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    CHRISTOPHER L. GASPER

    Danny Ainge made right move at NBA trade deadline

    It was no surprise that Danny the Dealer exercised his trigger finger and executed yet another trade in his quest to remake the Celtics. (Matthew J. Lee/Globe staff)
    Matthew J. Lee/Globe staff
    It was no surprise that Danny the Dealer exercised his trigger finger and executed yet another trade in his quest to remake the Celtics.

    You didn’t think Danny Ainge was going to sit out one of the wildest NBA trade deadline days in recent memory, with players getting swapped like tall tales around a camp fire, did you?

    It was no surprise that Danny the Dealer exercised his trigger finger and executed yet another trade in his quest to remake the Celtics. The stunner Thursday was that he surrendered Boston’s preferred currency, a draft pick, and didn’t add to the Celtics’ hoops hope chest of future selections.

    Ainge traded rent-a-veteran Marcus Thornton and one of the raft of future first-round picks in the Celtics’ possession (a 2016 protected first-rounder from Cleveland) to Phoenix for pint-sized point guard Isaiah Thomas. Ainge also jettisoned lottery-position spoiler Tayshaun Prince, sending him to Detroit for the NBA equivalent of award show seat-fillers, free agents Jonas Jerebko and Luigi Datome.

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    The trade deadline was a win for the Green. They unloaded two veterans with expiring contracts who were photo-bombing their long-term picture. They acquired a young, scoring point guard on an affordable contract who could be a piece in their reconstruction. More importantly, they put a moratorium on stockpiling overrated picks.

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    Nobody loves draft picks more than me, well except for Ainge. I’m a draft-a-holic. I would watch a napkin-holder draft. But the value and importance of the Celtics’ collection of draft picks — realistically, they could have 11 first-round picks between now and 2019 — has been exaggerated.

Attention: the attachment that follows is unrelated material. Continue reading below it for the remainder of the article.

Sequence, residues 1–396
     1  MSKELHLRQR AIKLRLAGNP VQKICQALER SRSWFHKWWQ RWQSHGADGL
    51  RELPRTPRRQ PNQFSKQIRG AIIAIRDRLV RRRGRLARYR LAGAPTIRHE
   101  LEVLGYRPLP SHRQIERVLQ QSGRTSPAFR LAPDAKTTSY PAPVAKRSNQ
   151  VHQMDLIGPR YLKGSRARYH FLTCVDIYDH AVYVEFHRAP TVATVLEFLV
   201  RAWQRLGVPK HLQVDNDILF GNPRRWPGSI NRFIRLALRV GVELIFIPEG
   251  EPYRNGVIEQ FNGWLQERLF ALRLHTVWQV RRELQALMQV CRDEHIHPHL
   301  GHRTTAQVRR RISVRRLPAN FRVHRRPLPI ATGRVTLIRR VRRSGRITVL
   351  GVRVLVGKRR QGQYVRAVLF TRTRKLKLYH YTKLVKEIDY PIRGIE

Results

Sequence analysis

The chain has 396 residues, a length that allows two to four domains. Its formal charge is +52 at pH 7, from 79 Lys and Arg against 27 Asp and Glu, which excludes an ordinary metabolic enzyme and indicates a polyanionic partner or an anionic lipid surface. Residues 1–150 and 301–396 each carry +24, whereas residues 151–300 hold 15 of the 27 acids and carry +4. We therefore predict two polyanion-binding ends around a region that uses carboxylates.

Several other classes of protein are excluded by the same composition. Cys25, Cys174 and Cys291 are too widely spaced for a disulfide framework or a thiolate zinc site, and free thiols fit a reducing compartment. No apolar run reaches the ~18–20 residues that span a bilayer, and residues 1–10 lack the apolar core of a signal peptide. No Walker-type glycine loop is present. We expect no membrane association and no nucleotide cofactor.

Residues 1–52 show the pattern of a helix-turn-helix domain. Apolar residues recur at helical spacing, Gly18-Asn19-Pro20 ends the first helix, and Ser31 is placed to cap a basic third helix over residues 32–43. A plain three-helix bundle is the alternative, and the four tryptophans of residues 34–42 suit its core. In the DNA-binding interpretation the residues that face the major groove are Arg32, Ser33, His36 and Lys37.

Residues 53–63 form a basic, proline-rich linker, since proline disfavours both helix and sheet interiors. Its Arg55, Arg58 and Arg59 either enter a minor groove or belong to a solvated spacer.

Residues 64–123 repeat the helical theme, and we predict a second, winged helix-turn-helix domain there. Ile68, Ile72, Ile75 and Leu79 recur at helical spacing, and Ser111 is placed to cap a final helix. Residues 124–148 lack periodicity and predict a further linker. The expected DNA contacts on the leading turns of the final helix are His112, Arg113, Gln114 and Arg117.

This isn’t the NFL, where every first-round pick is treated like gold. In the NBA, the only truly coveted first-round picks are top-five picks. Picks outside that realm, even lottery picks, are dependent upon the depth of the draft and the interest level of an individual team, both of which can be fickle.

    The Celtics learned this lesson last June, when they entered one of the most-hyped drafts in recent memory armed with the Nos. 6 and 17 picks and ready to deal. It didn’t happen because they owned the sixth pick in a draft that was regarded as having five potential superstars. Celtics owner Wyc Grousbeck’s fireworks got cancelled, and the Celtics ended up drafting Marcus Smart and James Young.

    The 2015 draft does not look like it’s going to be an inspiring affair. So Ainge made a shrewd move and cashed in one of his future chips for a proven NBA player.

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    It helped that Ryan McDonough, the Suns’ general manager, is a former Celtics assistant GM. He is also the son of legendary Boston Globe sportswriter Will McDonough.